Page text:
On October 31, 1988, Clark filed the instant suit against HGI in the same federal district court in which she had filed her first suit. Her complaint was identical to her complaint in the first suit insofar as it was predicated exclusively on her employment at HGI from January 11, 1984, through October 31, 1986. Clark asserted two claims, i.e., (1) that HGI had deprived her of equal pay under the Equal Pay Act, 29 U.S.C. § 206(d),and (2) that HGI had discriminated against her because of her age in violation of the Age Discrimination in Employment Act (ADEA), 29 U.S.C. §§ 621-634. She sought damages in the form of back pay, front pay, liquidated damages, attorney fees and costs.
Within her complaint, Clark alleged that HGI had paid her "at a rate less than the rate [HGI] paid males for work performance requiring equal skill, effort, and responsibility, and performed under similar working conditions," (Addendum, Part One, Tab 4 at p. 6), and that HGI's "acts, conduct, and practices ... constitute[d] age-based discrimination against [her] with respect to her compensation, terms, conditions and/or privileges or employment in violation of [ADEA]." Id. at p. 10.
HGI moved for summary judgment, alleging that the doctrine of res judicata barred Clark's suit. In denying HGI's motion, the court found:
The doctrine of res judicata prohibits a party from asserting in a second lawsuit any matter that might have been asserted in the first lawsuit. Prospero Associates v. Burroughs Corp., 714 F.2d 1022, 1025 (10th Cir.1983). In order for the doctrine to apply, three elements must be present: (1) the first suit must have proceeded to a final judgment on the merits; (2) the parties must be identical or in privity; and (3) the suits must be based on the same cause of action.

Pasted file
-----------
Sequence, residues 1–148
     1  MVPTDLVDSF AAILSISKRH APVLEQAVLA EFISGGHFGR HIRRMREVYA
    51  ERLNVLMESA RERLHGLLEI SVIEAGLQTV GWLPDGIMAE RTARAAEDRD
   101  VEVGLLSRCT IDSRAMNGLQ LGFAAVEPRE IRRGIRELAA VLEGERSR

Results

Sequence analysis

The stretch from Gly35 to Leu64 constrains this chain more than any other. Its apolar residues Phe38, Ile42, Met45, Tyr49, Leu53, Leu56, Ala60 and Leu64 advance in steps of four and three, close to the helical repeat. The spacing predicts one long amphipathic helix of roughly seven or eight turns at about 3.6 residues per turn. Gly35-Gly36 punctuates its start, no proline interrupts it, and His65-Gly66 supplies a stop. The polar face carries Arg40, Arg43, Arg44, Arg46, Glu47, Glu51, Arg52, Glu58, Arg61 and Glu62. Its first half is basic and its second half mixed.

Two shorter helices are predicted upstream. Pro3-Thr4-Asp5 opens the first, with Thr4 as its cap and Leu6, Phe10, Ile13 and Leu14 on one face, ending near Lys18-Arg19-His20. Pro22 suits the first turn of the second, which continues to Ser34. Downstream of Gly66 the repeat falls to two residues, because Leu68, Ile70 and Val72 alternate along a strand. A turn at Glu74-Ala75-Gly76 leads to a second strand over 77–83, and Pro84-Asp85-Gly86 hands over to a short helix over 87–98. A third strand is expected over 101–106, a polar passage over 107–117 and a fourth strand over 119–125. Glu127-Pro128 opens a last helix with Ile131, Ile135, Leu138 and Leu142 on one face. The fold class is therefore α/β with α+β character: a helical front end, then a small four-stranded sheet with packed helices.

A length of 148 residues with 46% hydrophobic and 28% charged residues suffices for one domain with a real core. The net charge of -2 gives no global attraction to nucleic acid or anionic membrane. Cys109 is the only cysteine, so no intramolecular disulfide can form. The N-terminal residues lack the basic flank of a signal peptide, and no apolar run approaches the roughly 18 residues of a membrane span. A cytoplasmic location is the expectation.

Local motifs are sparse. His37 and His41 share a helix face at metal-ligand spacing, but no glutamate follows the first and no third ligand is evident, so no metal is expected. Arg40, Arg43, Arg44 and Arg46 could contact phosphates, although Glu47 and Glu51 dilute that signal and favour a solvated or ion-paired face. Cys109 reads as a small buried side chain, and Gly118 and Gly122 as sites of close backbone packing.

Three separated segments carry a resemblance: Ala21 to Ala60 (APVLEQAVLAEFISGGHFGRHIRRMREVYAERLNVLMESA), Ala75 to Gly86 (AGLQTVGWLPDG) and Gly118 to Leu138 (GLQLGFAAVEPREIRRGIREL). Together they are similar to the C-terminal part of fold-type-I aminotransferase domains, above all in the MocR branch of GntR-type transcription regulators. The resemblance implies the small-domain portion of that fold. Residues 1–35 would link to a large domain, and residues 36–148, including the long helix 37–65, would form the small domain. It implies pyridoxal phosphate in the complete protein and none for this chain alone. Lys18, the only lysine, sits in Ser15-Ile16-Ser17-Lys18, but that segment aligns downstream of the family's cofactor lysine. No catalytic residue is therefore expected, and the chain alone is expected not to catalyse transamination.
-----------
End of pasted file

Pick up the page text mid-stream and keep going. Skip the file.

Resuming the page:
Here the first two elements are present.... The court concludes, however, that the two suits are not based on the same cause of action.
The Tenth Circuit Court of Appeals in Petromanagement Corp. v. Acme-Thomas Joint Venture, 835 F.2d 1329 (10th Cir.1988) adopted the transactional approach, advocated by the Restatement (Second) of Judgments § 24 (1982), to the third element. This pragmatic approach requires the Court to take into account three factors: 'whether the facts are related in time, space, origin, or motivation, whether they form a convenient trial unit, and whether their treatment as a unit conforms to the parties' expectations or business understanding or useage.' Restatement § 24(2). In determining trial convenience, the court shall examine to what extent the witnesses or proofs in the second action tend to overlap the witnesses or proofs in the first action. Restatement § 24, comment b.